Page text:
Jerry Capital

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Re: BUR.L - Burford Capital
« Reply #122 on: July 11, 2019, 08:39:05 AM »
It is impossible to predict if they will have another Peterson, it is unlikely for sure. Again it is similar to a VC fund, I would invest in the next round of Gurleys investments and he is operating in the frothiest of markets (see Softbank), yet I believe he will continue to generate significant alpha over time. But I think its important to point out that EVEN if funds came into litigation finance like they are now, if that accelerated and it became completed saturated, there is still a probability that they underwrite good investments.
 
That said, I believe it is more likely that the industry will remain structurally inefficient for a vareity of reasons that will continue for the foreseeable future. The leader in a structurally inefficiient market certainly will take their share of 1) fund flows, 2) attractive investments.

I also think that it is important to note that management is trying to shift this business away from "needing another peterson" and more towards a company that should be valued on actual cash flows, the asset management arm, the portfolio financing (lower ROIC but revenues and cash flows become more stable overtime = multiple of FCF not multiple of BV). This is the right thing to be doing. We will probably look back in a couple of years at they will not have completed this transition, the stock will have underperformed, maybe even a permenant loss of capital. But I have a hard time seeing it being much more than 30% from $15 per share (50%? OK size your position accordingly, this is not supposed to be in your portfolio at 20% weight!). Even CG has a $12.5 price target (or close to that) and they pretty much laid out the most bearish case possible on the company.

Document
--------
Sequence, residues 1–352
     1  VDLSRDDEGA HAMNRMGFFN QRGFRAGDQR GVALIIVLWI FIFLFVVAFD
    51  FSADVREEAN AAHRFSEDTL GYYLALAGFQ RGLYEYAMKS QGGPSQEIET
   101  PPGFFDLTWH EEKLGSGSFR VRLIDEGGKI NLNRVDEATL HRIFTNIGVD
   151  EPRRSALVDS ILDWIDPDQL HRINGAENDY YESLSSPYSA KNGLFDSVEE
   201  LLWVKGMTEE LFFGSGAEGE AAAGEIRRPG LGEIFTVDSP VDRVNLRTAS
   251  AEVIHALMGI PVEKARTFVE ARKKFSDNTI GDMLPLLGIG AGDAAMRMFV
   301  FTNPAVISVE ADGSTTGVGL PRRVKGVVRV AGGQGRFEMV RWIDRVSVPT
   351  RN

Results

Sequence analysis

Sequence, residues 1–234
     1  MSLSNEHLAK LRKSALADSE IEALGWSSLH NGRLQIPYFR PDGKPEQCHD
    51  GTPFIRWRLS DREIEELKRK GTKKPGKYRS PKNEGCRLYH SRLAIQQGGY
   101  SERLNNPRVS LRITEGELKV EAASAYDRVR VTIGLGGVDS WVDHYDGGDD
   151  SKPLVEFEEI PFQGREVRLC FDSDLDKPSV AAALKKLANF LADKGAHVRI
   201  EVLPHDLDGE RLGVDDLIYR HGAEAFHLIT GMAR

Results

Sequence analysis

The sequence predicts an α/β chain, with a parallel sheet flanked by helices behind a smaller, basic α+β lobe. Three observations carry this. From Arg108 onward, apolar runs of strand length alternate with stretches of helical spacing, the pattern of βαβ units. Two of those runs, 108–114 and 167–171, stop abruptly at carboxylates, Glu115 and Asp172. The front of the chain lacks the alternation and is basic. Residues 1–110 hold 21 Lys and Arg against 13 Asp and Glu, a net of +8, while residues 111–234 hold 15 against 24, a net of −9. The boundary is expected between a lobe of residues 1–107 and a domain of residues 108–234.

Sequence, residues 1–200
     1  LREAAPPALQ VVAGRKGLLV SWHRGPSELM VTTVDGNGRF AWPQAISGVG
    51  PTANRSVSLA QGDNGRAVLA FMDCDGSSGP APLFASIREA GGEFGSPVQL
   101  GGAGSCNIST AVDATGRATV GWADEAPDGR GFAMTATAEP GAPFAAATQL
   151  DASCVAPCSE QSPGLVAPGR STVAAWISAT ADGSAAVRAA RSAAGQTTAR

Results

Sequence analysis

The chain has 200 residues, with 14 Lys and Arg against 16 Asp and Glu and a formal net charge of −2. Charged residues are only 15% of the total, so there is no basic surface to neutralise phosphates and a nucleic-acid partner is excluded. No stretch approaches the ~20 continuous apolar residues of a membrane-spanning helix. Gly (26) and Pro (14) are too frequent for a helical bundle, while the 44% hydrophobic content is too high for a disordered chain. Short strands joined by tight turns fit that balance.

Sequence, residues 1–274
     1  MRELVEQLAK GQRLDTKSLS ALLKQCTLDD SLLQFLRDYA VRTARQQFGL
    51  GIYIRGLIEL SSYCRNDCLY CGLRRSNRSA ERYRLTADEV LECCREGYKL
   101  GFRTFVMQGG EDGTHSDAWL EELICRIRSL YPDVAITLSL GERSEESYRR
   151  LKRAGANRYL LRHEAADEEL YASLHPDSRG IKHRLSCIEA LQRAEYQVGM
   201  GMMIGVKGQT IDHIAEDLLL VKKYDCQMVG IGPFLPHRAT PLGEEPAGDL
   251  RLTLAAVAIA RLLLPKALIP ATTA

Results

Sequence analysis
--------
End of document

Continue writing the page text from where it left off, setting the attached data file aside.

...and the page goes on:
The other side of the coin, albeit a lower probability, is a lot of things work out for them, and alot of things work out for them when the S&P 500 goes through a bear market, the economy goes through a recession, etc. If Burford can show that they are recession resistant, that they transition to a FCF valued firm with semi recurring revenues, the jsutified mutliple will be insanely high, you will make A LOT of money.

At the right size, this is an interesting stock to put in your portfolio to get convexity and a lot of potential alpha should we hit a ugly bear market.
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Normax59

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Re: BUR.L - Burford Capital
« Reply #123 on: July 11, 2019, 08:45:03 AM »
So far this has been a high ROE, strong growth business that can reinvest all its earnings at high rates and even raises additional capital like the sovereign wealth fund because they claim they find more good opportunities that they can invest in on their own. The management seems to have done great moves so far like their acquisitions, which quickly paid for themselves (and then some). I feel like this is priced as if the returns on capital will deteriorate rapidly and the growth will come way down. I can't say that this is impossible, but it seems far from a sure thing and if they can keep returns up for longer than many think and/or just keep growing as they have by entering Australia, Asia, Germany etc, then it could prove to still be very cheap here. Probabilistically Iike the risk/reward here.

I'm sure people thought that the returns of Constellation Software or Credit Acceptance were too good to be true or sustainable as well and yet they just kept going. They don't have uncrossable moats either, but some advantages and great execution/management. What gives me some comfort that their numbers are real and that this might go on longer is that the big US law firms have had around 40% net profit margins for a long time and other litigation finance players show even higher IRRs than Burford. Law seems to be a very lucrative field in general, like software etc.